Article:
OK, so I have set it up...how does Granny get there... Granny has a computer with a web browser. Lets say you are letting her see your IP Camera. instead of port 80, your IP Camera is designed to listen on port 8080. Under normal circumstances, you would forward the same port externally as the device listens on, so you would set up your port forwarding to listen on the WAN interface on port 8080, and internally, send all port 8080 traffic to the IP address of your IP camera. Now, when Granny browses google.com, she just types inwww.google.com in her browser, and it goes there, right? That is because google.com is listening on a well-known port for http traffic (port 80), and browsers automatically know that you want to go to port 80. What they don't know is that your router is waiting to send traffic to your IP Camera on port 8080, so when you tell Granny how to get to your camera, if you are using any port other that 80, you MUST specify the port, and that you are using the http protocol. So, you would tell granny to put the following in her browser address bar: http://<yourWANIP>:8080
To find the WAN IP of your router, you can either look at the Status page in your router interface, or browse tohttp://whatismyip.com If you don't want to give her an IP address, you would need to use some type of Dynamic DNS service (not within the scope of this discussion) to translate your WAN IP into a hostname, but you still need to specify http and the port number, like this: http://myipcam.somedomain.org:2000 (the actual name will depend on your Dynamic DNS provider) What else can I do with Port Forwarding?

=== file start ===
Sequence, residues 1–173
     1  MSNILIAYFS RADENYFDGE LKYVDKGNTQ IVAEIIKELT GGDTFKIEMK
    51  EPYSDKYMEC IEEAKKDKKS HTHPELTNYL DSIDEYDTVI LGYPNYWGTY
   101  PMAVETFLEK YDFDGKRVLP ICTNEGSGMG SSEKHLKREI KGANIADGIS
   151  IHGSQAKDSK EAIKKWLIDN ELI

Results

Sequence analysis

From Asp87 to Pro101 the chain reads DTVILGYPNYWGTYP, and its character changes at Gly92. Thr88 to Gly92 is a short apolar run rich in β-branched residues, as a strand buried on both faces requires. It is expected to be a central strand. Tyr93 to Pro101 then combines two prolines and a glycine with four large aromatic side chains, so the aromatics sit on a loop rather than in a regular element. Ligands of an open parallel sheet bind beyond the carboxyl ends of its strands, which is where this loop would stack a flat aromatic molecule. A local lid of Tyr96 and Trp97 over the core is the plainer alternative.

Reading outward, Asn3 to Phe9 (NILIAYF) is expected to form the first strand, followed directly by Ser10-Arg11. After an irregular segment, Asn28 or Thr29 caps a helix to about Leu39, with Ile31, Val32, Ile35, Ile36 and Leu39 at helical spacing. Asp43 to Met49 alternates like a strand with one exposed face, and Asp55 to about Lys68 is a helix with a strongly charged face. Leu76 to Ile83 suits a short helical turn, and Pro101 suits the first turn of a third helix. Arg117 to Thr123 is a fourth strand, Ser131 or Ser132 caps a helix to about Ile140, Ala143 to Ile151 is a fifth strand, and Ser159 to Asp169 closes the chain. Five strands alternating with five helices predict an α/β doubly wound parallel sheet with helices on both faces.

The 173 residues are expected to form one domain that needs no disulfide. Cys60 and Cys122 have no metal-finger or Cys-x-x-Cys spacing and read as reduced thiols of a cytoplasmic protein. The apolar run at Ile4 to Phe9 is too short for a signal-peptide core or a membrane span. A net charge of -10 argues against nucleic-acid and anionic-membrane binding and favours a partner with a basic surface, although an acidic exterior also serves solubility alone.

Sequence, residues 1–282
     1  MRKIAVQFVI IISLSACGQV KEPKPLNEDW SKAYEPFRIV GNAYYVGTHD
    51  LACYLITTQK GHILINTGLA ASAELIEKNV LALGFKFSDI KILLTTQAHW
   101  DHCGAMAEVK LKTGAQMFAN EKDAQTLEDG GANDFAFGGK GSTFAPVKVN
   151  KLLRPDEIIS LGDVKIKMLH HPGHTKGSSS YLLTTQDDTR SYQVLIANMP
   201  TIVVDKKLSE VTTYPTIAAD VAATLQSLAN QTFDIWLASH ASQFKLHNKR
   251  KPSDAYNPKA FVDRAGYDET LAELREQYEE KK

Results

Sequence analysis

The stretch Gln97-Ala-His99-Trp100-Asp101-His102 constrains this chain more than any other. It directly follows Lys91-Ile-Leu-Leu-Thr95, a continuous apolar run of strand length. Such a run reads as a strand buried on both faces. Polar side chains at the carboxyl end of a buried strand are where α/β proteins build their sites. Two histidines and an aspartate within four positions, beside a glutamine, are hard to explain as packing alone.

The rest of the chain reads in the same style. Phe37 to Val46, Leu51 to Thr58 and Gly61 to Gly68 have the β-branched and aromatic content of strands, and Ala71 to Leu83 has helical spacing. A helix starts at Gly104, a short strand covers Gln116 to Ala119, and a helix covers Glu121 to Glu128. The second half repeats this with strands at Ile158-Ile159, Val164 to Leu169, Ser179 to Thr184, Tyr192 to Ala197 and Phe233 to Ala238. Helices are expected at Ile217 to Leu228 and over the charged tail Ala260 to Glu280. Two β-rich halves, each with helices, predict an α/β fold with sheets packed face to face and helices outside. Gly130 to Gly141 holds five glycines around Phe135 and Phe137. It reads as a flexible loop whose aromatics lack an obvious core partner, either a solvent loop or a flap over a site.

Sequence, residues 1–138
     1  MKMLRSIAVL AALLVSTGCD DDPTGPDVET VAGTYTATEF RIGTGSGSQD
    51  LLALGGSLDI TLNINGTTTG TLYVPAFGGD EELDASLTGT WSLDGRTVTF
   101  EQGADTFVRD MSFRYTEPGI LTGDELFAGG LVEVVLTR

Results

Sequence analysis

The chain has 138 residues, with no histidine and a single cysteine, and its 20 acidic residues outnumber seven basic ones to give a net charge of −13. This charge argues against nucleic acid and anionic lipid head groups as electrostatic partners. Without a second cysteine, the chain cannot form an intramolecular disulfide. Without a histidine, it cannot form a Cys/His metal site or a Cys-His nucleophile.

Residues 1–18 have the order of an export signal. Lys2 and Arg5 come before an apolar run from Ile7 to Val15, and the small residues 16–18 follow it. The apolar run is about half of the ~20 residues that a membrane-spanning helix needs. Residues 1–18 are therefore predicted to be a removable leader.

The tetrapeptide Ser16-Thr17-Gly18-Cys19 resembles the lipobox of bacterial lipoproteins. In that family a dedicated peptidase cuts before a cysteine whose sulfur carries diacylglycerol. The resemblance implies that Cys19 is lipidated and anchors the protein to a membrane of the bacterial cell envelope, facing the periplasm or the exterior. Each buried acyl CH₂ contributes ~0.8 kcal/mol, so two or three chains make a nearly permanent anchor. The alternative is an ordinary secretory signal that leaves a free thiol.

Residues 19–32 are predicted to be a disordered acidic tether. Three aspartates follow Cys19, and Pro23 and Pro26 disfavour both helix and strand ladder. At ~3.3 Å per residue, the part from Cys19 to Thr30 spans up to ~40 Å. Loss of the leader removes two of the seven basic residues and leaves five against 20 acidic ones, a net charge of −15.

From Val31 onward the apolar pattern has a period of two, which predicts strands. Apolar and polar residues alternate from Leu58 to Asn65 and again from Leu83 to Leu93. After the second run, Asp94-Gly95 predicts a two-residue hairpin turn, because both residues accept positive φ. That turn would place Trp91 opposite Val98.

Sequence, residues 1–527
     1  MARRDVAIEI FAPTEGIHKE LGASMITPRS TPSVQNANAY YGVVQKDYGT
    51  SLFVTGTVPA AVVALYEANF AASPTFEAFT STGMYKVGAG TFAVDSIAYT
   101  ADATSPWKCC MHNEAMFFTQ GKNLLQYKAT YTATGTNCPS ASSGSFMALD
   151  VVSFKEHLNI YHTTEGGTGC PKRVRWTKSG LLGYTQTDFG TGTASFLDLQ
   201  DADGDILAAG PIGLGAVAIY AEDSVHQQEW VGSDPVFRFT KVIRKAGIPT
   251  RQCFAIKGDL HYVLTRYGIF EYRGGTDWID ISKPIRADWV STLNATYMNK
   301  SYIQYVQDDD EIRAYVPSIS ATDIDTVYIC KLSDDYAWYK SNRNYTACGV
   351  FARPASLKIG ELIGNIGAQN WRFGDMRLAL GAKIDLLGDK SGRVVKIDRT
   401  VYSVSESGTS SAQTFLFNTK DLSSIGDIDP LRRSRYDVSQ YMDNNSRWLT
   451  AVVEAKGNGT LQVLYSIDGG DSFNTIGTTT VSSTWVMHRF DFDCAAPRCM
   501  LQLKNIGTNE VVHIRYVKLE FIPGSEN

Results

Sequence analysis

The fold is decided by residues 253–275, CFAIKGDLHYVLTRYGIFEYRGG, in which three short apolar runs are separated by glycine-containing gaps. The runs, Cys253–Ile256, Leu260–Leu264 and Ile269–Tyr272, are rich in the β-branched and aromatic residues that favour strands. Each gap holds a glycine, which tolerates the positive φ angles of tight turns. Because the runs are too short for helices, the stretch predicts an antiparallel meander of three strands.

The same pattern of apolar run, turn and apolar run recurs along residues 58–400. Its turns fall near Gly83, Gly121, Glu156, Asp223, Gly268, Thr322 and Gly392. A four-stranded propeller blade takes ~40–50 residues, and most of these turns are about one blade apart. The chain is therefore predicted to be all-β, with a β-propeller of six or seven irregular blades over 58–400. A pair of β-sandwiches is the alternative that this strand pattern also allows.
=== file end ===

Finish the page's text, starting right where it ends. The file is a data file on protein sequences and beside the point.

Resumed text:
The principles are the same for pretty much any device or server that you want to make available to sources outside your home. You can port forward Windows Remote Desktop Protocol, so you can log into your PC from another device with an RDP client. You can run a web server (although publicly accessible webservers are technically against the Comcast AUP for residential connections), you can access your own media server from your smartphone, so you can listen to your music wherever you are...the possibilities are pretty much endless, BUT make sure that you secure the devices you are allowing access to with strong passwords. While many security experts frown upon the concept of 'Security by Obscurity' I personally don't see that it hurts to change the port you are using for some services, especially the more common ones...Any hacker knows that Windows Remote Desktop Protocol runs on port 3389, so instead of setting your port forwarding up to listen on port 3389 on the WAN IP, use a different port (above 1024 is recommended. The highest you can go is 65535). You can still tell the router to forward the traffic to port 3389, so you don't have to mess around with the registry settings for your RDP setup on your Windows machine. That is basic port forwarding in brief. If you have any questions, please post it in the forums in the Home Networking / Router / & WiFi Gateway Help board and we will try to help. Be aware that as of writing this (April 2013) there appear to be some issues with port forwarding on some of the Comcast supplied gateway devices. Unfortunately, there isn't much we can do to remedy those, if you have set up port forwarding properly. The suggested solution is to have the gateway placed in bridge mode, and buy your own router to do your port forwarding. Also there are some quirks to setting up port forwarding on the SBG6580 gateway. See this post for details: http://forums.comcast.com/t5/Home-Networking-Router-WiFi/Port-Forwarding-for-an-IP-Camera/m-p/152957...